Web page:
Paradise Island: A Sam and Colby Story
About this deal
In addition to the popular Sam and Colby channel, Colby has his own YouTube account. Colby’s own channel, which he created in 2016, features a wide range of prank videos, exploration videos, vlogs, and other content. On the platform, he also features a number of other content creators. When YouTube ghost hunters Sam and Colby head to Kauai for an annual bro trip with two childhood buddies, they’re dying for a break from paranormal investigations—instead, they find themselves at the center of their most horrifying mystery yet.
I’m not sharing no pull-out couch. Fight to the death for the master bed! Colby hopped up the stairs, slamming into Sam, when they stopped short outside the master bedroom and stared inside. There was a nice sense of nostalgia throughout, specifically when they brought up their YouTube channel, their Vine days, them being arrested, wining a Teen Choice Award, and Corey and the Shadowman. It made me feel all warm and fuzzy inside, and reminded me of how proud I am for how far they’ve come. The Airbnb was quaint and cozy yellow with bright green shutters that matched the lush vegetation. Flowers in every color of the rainbow surrounded them, and palm trees stretched into blue skies beginning to clear from the rain.HOLY CRAP! This book is amazing! I read it all in one sitting & then had trouble falling asleep after. To the unscrutinizing eye watching their videos, he and Sam looked like two clowns doing anything for a laugh. What few people realized was how hard they worked their asses off. They’d learned business tips that couldn’t be taught in college, could only be experienced firsthand, and look at them now—affording this trip for their friends, winning Teen Choice Awards, going international.
Just how meta the book was. Like, the quote I included at the top? I laughed for way too long when I read that. In Kauai, Colby felt like he was a part of something exponentially bigger. Connected to nature. A tiny part of this infinite universe. This was why he’d insisted they spend their next day hiking different trails, searching for the perfect waterfall, because it wasn’t until they were on those vine-laced paths, underneath a canopy of trees, discovering hidden coves and jumping into green lagoons that he felt like he truly belonged somewhere. If he could, he would move to Kauai in a heartbeat.And there is seriously nothing to do here at night, Colby said. No bars, only restaurants that close early. This is our chill spot for nighttime. Daytime in Hawaii is always out. Gaby Triana writes some pretty scary stuff but took it up a million notches in this book. "Make the benign and beautiful terrifying" is done masterfully in this book. Had never heard of Sam & Colby (not really big on YT) but they have me hooked after this! The characterization of all four of the boys is a bit 2D. Sam’s logical and wants to keep the peace, Colby’s emotional and more of a wildcard, Nate’s focused on his schoolwork and flexing his vocabulary, and Alex? Well, I couldn’t get a good read on Alex until he sells out SNC at the end of the novel and even then, he didn’t feel so much like his own character, more like someone just present to further the plot.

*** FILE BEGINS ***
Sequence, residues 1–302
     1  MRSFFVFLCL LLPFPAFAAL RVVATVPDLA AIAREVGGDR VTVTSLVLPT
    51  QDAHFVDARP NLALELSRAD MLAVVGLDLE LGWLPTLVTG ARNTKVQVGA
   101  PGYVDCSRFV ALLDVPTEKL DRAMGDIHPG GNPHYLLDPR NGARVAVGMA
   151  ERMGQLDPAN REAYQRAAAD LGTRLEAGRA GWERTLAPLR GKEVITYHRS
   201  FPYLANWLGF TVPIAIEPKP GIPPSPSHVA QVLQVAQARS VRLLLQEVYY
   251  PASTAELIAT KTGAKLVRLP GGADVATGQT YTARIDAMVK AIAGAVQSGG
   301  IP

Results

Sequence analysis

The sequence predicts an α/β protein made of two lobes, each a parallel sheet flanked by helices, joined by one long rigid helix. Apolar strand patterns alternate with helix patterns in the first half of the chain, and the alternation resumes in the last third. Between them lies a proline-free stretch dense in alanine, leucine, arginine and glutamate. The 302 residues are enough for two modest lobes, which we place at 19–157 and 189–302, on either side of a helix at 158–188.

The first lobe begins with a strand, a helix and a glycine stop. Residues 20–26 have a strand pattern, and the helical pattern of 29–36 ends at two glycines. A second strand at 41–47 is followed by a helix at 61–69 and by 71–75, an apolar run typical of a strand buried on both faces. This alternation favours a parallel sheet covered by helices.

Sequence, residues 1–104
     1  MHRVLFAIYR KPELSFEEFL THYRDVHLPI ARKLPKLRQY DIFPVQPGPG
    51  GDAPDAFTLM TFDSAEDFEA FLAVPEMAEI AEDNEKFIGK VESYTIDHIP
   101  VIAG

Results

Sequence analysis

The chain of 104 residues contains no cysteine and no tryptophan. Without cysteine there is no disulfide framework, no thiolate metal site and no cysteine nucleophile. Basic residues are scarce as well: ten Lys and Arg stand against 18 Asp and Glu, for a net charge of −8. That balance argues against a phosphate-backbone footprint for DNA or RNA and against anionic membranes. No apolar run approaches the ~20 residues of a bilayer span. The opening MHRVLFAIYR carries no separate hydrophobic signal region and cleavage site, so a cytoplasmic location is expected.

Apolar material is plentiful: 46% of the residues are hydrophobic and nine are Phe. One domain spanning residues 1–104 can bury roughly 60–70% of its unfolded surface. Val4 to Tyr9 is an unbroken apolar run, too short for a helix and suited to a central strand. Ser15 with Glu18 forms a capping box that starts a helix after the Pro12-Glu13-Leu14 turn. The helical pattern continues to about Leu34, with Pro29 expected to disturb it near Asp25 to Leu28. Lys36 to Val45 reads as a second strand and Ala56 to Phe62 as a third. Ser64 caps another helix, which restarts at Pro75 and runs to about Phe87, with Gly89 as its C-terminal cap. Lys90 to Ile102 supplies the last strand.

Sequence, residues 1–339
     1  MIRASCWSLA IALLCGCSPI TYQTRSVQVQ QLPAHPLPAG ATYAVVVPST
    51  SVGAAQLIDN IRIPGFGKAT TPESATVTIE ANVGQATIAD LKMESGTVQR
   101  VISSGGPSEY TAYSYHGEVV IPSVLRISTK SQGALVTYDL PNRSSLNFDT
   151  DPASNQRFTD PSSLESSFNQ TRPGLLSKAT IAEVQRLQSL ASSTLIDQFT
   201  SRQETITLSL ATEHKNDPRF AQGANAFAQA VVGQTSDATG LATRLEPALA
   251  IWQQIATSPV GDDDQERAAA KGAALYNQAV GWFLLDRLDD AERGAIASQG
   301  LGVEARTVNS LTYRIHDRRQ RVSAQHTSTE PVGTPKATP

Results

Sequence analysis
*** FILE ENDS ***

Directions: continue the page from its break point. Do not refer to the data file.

When Vine was discontinued, the founders shifted their focus to their YouTube channel, which was launched in 2014. Their YouTube channel began with a much broader focus: they released vlogs, comedy videos, adventure videos, and other content. However, the duo now focuses nearly entirely on their Overnight and Exploration films. Wooden beams supported tall ceilings, floor-to-ceiling windows welcomed in plenty of light, a bed frame looked like it’d been carved out of mahogany, and a fluffy blue-and-white rug reminiscent of an ocean wave spread across the hardwood floor. Plants sprouted from every corner, except one, where a small bar sat with four shot glasses and a bottle of whiskey on the counter.The other big thing I made note of was that there was a lot of “tell, not show” throughout. There’s a heavy focus on dialogue to progress the story rather than seeing into the boys’ inner thoughts and using other means to find out information. (I’m not one to talk, though, since I also focus more on dialogue than description.) It sometimes made it difficult to fully get into the story. I struggled with developing a picture of what the Belle Estate looked like, or what the other characters (beside SNC, Nate, and Alex) looked like. In terms of the boys, it seemed very reliant on us knowing who Sam and Colby are and what they’re all about (which is fair, since probably 99.9% of people who bought the book are fans of them but, if they want success outside of their audience, it could’ve been more descriptive in that regard).